Percept Mot Skills. 2007 Oct;105(2):681-7
Date
Oct-2007
Language
English
Publication Type
Article
Keywords
Acculturation
Adult
Aged
Colombia - ethnology
Emigrants and Immigrants - psychology - statistics & numerical data
Ethnic Groups - psychology
Exercise - psychology
Female
Food Services - utilization
Humans
Male
Middle Aged
Obesity - epidemiology - ethnology - psychology
Ontario
Overweight - epidemiology - ethnology - psychology
Questionnaires
Sex Factors
Social Support
Socioeconomic Factors
Utilization Review - statistics & numerical data
Abstract
The purpose of this study was to provide some preliminary description of the Latin-Canadian community by reporting the socioeconomic status, physical activity, and weight status (i.e., healthy weight, overweight, or obese status) of Colombians newly immigrated to London, Ontario Canada. Face-to-face interviews were conducted on a convenience sample of 77 adult Colombian immigrant food bank users (46.8% men; mean age 39.9 yr., SD=11.8). Physical activity was gauged using the International Physical Activity Questionnaire and self-report Body Mass Index, and sociodemographic data were collected. Of respondents, 47% had a university education, and 97% received social support. 61% met recommended levels of physical activity. Men were more active, being involved in about 130 min. more of exercise per week, and more men were overweight than women (63.9% versus 39.0%, respectively). Of respondents, 73% reported being less active than before coming to Canada. This pilot study indicates that Latin-Canadian immigrants are a vulnerable group in need of acculturational support. Further study is warranted.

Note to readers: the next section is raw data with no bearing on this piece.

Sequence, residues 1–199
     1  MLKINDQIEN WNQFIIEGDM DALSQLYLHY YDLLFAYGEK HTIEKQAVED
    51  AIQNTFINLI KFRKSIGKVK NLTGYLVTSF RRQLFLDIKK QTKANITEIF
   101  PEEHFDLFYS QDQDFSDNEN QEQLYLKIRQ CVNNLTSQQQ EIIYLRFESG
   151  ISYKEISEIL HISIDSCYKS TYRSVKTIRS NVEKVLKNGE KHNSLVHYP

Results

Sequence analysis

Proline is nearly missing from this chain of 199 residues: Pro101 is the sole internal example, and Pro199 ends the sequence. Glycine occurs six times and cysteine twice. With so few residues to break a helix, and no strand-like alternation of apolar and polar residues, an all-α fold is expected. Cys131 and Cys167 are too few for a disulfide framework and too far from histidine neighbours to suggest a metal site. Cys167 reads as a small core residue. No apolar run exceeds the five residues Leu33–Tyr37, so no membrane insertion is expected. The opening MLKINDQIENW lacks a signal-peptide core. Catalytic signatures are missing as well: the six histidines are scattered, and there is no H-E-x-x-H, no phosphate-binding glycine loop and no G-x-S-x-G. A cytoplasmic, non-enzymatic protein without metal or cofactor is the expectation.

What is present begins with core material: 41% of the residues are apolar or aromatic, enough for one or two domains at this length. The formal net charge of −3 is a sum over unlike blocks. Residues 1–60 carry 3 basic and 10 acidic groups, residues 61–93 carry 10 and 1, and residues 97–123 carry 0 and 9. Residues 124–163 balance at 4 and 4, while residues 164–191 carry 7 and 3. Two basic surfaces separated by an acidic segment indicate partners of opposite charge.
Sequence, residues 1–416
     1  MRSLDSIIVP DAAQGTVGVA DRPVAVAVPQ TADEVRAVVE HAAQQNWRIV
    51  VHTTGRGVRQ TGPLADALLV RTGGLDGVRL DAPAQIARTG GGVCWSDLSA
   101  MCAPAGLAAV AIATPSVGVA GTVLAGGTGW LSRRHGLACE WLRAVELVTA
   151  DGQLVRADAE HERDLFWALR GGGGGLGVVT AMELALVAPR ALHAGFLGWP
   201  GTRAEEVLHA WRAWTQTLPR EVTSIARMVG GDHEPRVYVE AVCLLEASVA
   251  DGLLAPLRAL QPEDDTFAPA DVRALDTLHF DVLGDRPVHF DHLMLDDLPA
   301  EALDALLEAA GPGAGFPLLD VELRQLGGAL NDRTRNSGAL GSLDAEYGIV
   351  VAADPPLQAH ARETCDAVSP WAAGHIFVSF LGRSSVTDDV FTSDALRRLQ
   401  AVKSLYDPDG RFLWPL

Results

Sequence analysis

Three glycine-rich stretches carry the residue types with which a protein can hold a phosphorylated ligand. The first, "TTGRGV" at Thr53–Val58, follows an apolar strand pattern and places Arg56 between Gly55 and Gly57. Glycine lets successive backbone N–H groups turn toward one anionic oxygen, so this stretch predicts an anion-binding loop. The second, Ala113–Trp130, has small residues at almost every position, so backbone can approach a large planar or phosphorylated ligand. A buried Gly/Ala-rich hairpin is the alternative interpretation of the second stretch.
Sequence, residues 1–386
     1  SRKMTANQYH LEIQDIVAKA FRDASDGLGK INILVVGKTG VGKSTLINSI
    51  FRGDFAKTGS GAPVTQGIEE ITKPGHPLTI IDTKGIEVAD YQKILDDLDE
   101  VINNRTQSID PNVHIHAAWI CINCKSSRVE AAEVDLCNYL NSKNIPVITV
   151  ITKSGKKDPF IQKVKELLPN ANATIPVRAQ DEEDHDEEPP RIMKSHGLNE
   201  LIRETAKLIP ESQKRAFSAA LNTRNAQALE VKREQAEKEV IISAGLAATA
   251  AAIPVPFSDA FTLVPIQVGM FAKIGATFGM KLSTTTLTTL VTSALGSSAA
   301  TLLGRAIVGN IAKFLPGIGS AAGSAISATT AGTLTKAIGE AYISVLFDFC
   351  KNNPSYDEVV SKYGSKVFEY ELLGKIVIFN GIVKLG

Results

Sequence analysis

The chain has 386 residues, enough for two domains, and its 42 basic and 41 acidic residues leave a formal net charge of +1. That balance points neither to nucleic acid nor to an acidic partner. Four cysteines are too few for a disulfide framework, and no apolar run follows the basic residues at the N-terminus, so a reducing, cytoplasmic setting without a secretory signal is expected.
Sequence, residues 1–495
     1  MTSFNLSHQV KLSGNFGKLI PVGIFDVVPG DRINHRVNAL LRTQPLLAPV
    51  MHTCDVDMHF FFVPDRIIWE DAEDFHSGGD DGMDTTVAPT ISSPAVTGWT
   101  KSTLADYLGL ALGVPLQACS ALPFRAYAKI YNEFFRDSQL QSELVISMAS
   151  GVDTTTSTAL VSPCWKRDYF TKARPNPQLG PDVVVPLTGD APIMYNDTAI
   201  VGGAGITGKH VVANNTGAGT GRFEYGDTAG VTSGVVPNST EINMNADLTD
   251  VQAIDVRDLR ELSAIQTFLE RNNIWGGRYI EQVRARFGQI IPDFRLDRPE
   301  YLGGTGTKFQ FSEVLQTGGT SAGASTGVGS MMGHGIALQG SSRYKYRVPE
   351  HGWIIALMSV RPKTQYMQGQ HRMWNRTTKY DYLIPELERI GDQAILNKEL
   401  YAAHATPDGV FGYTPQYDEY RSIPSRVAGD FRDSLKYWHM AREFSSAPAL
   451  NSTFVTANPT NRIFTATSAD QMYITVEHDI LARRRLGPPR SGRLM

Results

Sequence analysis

PubMed ID
18065093 View in PubMed
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Acute day hospitalization as an alternative to inpatient treatment.

https://arctichealth.org/en/permalink/ahliterature210487
Source
Can J Psychiatry. 1996 Dec;41(10):629-37
Publication Type
Article
Date
Dec-1996
Author
V. Russell
F. Mai
K. Busby
D. Attwood
M. Davis
M. Brown
Author Affiliation
Cavan General Hospital, Republic of Ireland.
Source
Can J Psychiatry. 1996 Dec;41(10):629-37
Date
Dec-1996
Language
English
Publication Type
Article
Keywords
Acute Disease
Adult
Day Care - utilization
Female
Hospital Bed Capacity - statistics & numerical data
Hospital Restructuring
Humans
Length of Stay - statistics & numerical data
Male
Mental Disorders - diagnosis - epidemiology - therapy
Middle Aged
Ontario
Patient Admission - statistics & numerical data
Patient satisfaction
Referral and Consultation - utilization
Treatment Outcome
Utilization Review
Abstract
This paper describes the administrative process by which the Ottawa General Hospital (OGH) closed 6 beds and used the staff and space resources thus released to set up an acute day hospital (ADH) for the treatment of 8 acutely ill psychiatric patients. Outcome data are presented on the first 160 patients admitted to the ADH.
Demographic and clinical information including diagnostic (DSM-III-R; Global Assessment of Functioning [GAF]) and questionnaire data (Symptom Checklist-90 Revised [SCL-90R]; Beck Depression Inventory [BDI]; State-Trait Anxiety Inventory [STAI]; patient satisfaction) were obtained from 160 ADH patients at admission and discharge. Forty-two of these patients provided follow-up data 3 to 6 months postdischarge. The outcome of ADH patients was compared with that of a retrospectively obtained random sample (n = 100) of inpatients on selected diagnostic and demographic variables.
On clinician-rated and self-report clinical scales, ADH patients showed significant clinical improvement reflected in higher GAF scores and less psychological distress, depression, and anxiety at discharge relative to admission. There were no significant group differences in outcome indices except for shorter length of stay in the ADH group compared with inpatients. The ADH group rated the program highly in help received and quality of service. Short-term follow-up showed that gains made during treatment were maintained 3 to 6 months later.